Thursday, January 22, 2015

Citizens United should be seen as an aberration, not a new American standard

How to Make Our Democracy Work for Everyone

By [former Senators] Alan Simpson, Bill Bradley and Bob Kerrey
Roll Call, Jan. 22, 2015

This week marks the fifth anniversary of the Supreme Court’s decision in Citizens United vs. Federal Elections Commission. Rather than lamenting the verdict by cataloguing its considerable damage to American elections, we prefer to focus on two things: The erosion of democracy that happens in between elections, and feasible solutions to restore, as the Declaration of Independence asserts, “the consent of the governed.”

In between election days, money has two pernicious effects on the governing process.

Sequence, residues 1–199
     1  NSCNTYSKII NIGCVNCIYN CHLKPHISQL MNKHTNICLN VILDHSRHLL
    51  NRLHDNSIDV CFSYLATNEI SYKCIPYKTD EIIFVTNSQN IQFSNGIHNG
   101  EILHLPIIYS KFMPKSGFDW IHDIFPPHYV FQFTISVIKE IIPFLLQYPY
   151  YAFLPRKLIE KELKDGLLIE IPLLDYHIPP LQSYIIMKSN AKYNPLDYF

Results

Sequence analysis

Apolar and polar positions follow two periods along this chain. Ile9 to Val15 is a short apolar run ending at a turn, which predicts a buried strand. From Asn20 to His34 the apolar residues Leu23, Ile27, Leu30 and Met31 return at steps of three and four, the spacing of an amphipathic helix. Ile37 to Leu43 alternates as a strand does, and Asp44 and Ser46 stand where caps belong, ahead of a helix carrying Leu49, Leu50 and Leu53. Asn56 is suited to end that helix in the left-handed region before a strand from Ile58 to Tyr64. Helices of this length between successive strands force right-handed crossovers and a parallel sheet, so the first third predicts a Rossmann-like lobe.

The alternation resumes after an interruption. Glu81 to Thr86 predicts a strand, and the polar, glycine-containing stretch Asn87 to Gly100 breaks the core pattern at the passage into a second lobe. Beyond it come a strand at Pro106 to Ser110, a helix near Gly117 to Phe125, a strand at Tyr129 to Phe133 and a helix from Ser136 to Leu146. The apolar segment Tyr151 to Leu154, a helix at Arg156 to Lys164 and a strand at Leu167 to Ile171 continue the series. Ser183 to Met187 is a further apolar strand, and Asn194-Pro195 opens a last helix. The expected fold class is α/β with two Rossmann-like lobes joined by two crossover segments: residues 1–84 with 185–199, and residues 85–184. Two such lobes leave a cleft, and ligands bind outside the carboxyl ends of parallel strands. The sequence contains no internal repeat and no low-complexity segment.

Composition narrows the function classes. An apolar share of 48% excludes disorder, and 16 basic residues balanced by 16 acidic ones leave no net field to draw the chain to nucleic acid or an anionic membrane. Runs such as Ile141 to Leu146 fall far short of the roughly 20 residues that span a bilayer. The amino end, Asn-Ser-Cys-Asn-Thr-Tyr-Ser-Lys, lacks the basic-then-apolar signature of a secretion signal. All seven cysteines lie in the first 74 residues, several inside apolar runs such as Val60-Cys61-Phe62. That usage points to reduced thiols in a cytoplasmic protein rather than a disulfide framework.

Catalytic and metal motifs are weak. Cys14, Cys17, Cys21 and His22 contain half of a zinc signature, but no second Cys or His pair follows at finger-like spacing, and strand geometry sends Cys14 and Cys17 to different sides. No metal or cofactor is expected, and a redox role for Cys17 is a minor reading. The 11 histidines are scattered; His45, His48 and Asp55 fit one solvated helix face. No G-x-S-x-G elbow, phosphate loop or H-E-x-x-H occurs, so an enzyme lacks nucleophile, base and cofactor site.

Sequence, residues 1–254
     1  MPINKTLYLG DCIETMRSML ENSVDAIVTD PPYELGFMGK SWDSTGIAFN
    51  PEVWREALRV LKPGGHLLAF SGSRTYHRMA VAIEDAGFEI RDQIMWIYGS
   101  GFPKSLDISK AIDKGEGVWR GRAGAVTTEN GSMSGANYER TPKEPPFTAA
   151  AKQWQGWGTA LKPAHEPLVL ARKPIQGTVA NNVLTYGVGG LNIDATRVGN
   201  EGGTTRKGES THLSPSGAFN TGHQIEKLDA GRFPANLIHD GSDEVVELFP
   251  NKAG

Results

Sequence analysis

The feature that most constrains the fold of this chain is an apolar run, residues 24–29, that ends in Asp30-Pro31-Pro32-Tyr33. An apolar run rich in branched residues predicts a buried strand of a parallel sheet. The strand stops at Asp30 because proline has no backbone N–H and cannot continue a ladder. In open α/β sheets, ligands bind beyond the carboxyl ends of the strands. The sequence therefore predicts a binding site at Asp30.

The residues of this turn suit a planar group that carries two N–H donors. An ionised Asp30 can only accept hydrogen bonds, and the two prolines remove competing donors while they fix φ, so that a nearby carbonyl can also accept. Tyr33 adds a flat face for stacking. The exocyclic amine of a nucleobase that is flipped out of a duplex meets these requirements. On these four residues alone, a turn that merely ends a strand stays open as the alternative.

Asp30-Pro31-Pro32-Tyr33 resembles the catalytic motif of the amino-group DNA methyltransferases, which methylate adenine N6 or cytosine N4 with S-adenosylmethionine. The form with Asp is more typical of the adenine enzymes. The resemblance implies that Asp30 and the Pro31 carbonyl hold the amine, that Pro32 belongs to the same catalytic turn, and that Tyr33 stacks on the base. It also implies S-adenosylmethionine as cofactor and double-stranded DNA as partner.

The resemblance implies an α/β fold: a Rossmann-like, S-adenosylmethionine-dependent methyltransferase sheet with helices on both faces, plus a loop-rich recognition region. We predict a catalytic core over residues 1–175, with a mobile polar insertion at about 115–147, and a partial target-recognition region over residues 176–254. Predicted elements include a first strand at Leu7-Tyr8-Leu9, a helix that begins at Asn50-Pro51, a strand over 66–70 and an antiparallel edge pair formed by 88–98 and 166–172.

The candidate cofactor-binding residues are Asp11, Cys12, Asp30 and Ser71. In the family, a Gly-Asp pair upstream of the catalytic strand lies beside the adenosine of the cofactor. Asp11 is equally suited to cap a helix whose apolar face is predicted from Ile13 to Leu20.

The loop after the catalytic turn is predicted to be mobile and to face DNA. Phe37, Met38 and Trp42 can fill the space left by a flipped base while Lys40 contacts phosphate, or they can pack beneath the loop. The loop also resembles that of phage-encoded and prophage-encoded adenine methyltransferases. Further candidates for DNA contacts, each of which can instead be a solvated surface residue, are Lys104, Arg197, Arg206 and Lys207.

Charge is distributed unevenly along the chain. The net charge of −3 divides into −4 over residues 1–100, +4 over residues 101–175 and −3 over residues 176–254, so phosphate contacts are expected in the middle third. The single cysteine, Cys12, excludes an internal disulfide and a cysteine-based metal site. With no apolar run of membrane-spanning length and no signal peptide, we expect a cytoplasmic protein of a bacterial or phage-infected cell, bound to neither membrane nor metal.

First, it stands in the way of legislating sensible, comprehensive solutions to nearly every issue that ordinary Americans care about.

From deficit-reduction to energy and climate, public health to tax reform, bold policies and big ideas don’t stand a chance under the onslaught of political money.

We all pay a personal price for this terribly broken political system. Whether it’s a husband’s job shipped overseas, a woman faced with shuttering her small business, a new graduate struggling with loan payments, or a child suffering from chronic asthma, we pay for the ways in which well-financed interests are able to bend legislation to their benefit or block good policy ideas at the starting gate.

(Continued here.)


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